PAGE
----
(American Movie Classics) Also September 27, 2013, 1:31 p.m. Horror fans will have a lot to freak out about this October. The first edition of “Beyond Fest” will hit Los Angeles as a celebration of chills, gore and the sounds that go with them from Oct. 10 to 27. And Cinefamily will take local audiences on a mayhem-filled movie road trip with their monthlong “The United States of Horror.” FULL COVERAGE: Film festivals Taking place at the American Cinematheque’s Egyptian and Aero Theaters, Beyond Fest will feature the first local screenings of films anticipated by genre fans following their well-received appearances at other festivals, with titles including as Ben Wheatley’s “A Field in England,” Sion Sono’s “Why Don’t You Play In Hell,” Jim Begos’ “Almost Human” and Ruairi Robinson’s “The Last Days of Mars.” Besides the three-night stand of legendary band Goblin, making its first-ever live appearances in Los Angeles before screenings of Dario Argento horror classics, Beyond Fest will have other events for horror music aficionados. Composer Alan Howarth will perform before a screening of John Carpenter’s “Assault on Precinct 13.” Musician Umberto will perform a live score to the 1982 slasher flick “Pieces.” Clive Barker is scheduled to appear with a screening of “Nightbreed: The Cabal Cut.” German filmmaker Jorg Buttgereit will be present for screenings of the only known 35mm prints of his “Nekromantik” and “Schramm: Into the Mind of a Serial Killer.” Joe Dante will appear with his “The Howling,” and Richard Donner is scheduled to turn out for his “The Omen.” The podcast/stage show “The Thrilling Adventure Hour” will put on a live performance featuring Paul F. Tompkins and Paget Brewster before a showing of the 1932 classic “the Mummy.” PHOTOS: Fall movie sneaks 2013 And that’s not all, horror fans. The Fairfax Avenue movie theater Cinefamily is following up last year’s monthlong program of infamous U.K. “video nasties” with a trip around the U.S. “The United States of Horror” program, every night at midnight from October 1 to 31, will feature a horror movie from a different state of the Union. Kicking off with California’s own “Equinox,” other stops on this road trip of blood and bad vibes include Arizona’s “White of The Eye,” Nevada’s “Tremors,” Utah’s “Troll 2,” Kansas’ “Carnival Of Souls,” Missouri’s “Ernest Scared Stupid,” Pennsylvania’s “Martin,” and New York ‘s “Basket Case,” before winding up back in California with “Chopping Mall.” ALSO:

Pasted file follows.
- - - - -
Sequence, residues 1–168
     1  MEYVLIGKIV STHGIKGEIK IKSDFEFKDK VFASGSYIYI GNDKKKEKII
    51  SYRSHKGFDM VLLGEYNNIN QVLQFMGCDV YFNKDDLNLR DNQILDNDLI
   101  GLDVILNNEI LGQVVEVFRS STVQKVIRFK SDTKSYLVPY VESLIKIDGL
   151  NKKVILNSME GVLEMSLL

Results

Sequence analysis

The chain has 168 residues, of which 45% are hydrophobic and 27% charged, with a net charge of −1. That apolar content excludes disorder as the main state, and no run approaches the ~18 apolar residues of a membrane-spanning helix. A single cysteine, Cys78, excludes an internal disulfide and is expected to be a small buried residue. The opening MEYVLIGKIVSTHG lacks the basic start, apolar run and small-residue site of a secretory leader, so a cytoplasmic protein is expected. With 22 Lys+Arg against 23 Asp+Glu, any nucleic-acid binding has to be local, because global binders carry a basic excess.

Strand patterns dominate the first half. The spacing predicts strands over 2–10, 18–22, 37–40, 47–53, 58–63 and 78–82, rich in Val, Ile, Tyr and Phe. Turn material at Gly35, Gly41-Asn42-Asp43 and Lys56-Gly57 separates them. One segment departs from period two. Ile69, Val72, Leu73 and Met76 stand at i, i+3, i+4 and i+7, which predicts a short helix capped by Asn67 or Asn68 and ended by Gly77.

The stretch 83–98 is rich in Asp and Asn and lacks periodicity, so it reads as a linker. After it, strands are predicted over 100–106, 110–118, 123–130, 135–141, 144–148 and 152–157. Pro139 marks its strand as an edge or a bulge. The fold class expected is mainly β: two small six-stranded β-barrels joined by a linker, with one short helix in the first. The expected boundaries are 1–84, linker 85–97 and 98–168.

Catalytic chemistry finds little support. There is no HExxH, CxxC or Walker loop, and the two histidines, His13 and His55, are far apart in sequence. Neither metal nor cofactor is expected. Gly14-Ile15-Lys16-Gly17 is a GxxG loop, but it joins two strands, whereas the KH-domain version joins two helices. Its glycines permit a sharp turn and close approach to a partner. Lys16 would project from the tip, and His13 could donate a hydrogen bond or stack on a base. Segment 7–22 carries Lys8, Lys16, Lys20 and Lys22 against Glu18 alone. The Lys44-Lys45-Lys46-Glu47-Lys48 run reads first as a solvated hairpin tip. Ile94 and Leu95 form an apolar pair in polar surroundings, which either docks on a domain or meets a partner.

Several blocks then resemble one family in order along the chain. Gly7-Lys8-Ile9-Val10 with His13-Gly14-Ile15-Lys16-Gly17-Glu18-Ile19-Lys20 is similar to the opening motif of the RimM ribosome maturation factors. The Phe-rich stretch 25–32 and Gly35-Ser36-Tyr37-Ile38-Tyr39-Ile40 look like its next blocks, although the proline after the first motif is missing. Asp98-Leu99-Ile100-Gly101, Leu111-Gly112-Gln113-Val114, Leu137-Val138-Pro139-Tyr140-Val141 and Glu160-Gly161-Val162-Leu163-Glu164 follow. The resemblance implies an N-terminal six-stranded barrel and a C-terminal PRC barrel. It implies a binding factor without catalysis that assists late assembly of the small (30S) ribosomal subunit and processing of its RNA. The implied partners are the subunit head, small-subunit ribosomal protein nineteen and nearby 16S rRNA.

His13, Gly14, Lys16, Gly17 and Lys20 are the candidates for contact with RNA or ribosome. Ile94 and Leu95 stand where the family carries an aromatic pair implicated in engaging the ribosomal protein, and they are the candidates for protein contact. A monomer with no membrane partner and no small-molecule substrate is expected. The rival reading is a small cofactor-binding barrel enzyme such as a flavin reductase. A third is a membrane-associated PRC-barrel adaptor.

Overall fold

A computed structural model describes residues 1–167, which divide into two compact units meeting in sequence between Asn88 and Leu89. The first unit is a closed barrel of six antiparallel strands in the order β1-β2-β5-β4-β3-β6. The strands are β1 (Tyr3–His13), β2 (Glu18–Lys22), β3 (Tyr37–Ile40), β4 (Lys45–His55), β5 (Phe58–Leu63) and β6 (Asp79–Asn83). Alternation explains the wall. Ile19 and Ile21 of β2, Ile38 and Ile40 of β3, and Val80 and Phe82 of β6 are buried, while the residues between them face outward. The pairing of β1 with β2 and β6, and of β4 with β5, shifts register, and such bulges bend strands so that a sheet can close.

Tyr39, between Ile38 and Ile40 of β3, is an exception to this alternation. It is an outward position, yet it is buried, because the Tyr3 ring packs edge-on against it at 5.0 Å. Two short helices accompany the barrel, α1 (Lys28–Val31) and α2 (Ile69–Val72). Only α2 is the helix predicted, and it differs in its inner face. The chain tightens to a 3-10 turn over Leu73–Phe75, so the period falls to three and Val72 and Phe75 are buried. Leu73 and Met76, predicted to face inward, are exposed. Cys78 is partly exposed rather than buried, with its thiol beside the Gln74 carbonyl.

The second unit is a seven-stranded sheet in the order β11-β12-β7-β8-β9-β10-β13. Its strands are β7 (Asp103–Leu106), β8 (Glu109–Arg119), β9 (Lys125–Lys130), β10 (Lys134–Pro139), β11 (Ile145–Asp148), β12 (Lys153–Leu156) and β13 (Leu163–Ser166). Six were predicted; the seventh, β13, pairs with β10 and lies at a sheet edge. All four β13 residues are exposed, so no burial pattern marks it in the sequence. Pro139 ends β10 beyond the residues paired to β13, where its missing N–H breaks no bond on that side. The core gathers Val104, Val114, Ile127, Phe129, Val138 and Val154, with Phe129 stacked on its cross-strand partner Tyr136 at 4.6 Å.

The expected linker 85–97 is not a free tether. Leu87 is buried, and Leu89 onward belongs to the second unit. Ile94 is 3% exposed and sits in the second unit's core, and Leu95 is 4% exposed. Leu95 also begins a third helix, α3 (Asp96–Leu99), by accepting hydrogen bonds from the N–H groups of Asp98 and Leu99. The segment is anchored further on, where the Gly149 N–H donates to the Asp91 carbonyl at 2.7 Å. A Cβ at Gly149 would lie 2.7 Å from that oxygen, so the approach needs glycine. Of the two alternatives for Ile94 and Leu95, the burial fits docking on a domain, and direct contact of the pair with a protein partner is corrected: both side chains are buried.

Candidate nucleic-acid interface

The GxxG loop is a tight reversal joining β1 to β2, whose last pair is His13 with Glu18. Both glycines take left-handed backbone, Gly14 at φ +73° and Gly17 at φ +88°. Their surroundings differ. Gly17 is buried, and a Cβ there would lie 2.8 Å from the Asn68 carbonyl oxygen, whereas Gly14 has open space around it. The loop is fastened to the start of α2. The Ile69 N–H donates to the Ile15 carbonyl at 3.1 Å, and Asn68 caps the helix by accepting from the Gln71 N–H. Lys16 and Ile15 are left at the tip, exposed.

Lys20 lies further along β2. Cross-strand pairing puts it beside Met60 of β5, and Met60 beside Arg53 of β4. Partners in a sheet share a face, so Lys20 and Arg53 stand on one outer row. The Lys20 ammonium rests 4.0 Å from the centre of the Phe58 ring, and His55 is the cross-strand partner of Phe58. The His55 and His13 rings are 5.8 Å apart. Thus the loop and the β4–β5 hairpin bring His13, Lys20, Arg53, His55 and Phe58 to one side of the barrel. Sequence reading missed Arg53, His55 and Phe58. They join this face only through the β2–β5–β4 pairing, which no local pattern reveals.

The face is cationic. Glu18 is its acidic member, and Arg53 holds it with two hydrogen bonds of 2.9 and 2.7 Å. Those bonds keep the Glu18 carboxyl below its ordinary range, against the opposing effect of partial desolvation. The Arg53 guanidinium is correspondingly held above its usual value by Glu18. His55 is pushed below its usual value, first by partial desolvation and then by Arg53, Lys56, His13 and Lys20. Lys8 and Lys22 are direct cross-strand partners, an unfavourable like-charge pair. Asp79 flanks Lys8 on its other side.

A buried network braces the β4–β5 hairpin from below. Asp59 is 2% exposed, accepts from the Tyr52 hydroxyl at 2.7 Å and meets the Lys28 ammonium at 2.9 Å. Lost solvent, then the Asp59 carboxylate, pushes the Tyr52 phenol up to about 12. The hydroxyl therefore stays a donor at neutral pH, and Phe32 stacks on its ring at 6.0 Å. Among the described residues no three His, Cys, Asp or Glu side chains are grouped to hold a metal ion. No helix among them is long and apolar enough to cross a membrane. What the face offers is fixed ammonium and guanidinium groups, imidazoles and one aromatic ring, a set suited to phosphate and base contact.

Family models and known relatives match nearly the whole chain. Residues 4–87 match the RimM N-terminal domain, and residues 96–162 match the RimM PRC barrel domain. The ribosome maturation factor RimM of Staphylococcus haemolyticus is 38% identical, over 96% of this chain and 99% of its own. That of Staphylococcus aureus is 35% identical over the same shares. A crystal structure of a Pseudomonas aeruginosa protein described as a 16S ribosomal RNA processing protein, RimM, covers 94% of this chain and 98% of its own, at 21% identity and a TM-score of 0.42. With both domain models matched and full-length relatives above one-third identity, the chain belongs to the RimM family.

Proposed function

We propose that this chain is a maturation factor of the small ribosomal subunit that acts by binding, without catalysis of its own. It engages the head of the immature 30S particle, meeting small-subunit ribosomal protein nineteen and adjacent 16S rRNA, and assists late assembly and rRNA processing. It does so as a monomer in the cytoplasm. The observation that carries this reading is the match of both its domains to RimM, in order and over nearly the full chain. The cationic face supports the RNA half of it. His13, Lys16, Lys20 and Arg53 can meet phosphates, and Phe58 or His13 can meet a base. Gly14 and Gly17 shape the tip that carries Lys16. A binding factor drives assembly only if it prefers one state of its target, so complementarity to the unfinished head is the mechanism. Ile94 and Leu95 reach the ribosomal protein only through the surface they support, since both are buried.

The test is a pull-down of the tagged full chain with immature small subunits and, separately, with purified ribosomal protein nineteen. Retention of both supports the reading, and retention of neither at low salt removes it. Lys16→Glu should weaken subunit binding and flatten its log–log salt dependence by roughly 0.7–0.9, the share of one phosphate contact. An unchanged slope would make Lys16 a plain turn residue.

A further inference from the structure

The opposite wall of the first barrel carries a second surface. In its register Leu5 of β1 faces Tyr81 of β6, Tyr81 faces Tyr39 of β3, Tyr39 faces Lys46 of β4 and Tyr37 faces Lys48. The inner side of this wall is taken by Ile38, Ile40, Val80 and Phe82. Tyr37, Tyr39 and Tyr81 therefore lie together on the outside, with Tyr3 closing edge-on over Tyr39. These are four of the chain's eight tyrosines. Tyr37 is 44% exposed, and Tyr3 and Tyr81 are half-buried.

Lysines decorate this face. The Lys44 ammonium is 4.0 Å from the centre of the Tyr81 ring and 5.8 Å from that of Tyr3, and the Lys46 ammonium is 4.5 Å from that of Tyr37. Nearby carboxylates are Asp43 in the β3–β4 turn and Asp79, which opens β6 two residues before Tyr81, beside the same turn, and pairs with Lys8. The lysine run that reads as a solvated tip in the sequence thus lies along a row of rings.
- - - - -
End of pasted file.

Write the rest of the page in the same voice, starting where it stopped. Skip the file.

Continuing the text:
US, Russian, French and British diplomats told reporters the vote could come as early as Friday evening, provided the Executive Council of the Organisation for the Prohibition of Chemical Weapons in The Hague approves a plan for the destruction of Syria’s poison gas arsenal beforehand. The agreement emerged from intense negotiations at the United Nations with Russia, Syrian President Bashar al-Assad’s chief ally. The aim was to craft a measure to require destruction of Syria’s chemical arsenal in line with a US-Russian deal reached earlier this month that averted American strikes on Assad’s forces in the midst of a bloody civil war. Western powers on the Security Council backed away from many of their initial demands, diplomats say, in order to secure Russia’s approval. Russian Foreign Minister Sergei Lavrov said an “understanding” had been hammered out, but gave no details. A major sticking point had been Russia’s opposition to writing the resolution under Chapter 7 of the UN charter, which covers the council’s authority to enforce its decisions with measures such as sanctions or military force. The compromise draft resolution, obtained by Reuters, makes the measure legally binding, but provides for no means of automatic enforcement as the United States, Britain and France originally wanted. ‘BREAKTHROUGH’ The only reference to enforcement in the draft is a threat that if Syria fails to comply with the resolution, the council would impose unspecified punitive measures under Chapter 7, which would require a second resolution that Russia could veto. A US State Department official hailed the deal as a “breakthrough”. “The Russians have agreed to support a strong, binding and enforceable resolution that unites the pressure and focus of the international community on the Syrian regime to ensure the elimination of Syria’s chemical weapons,” the official said. Diplomats from the permanent Security Council members – China, Russia, the United States, France and Britain – had been haggling over the details of a resolution to back the American-Russian accord announced on September 14 in Geneva to eliminate Syria’s chemical weapons. Assad agreed to destroy Syria’s chemical weapons amid an international outcry over a sarin gas strike in the suburbs of Damascus last month – the world’s deadliest chemical attack in 25 years. Washington has blamed Assad’s forces for the attack, which it said killed more than 1400 people, and President Barack Obama threatened a US military strike in response.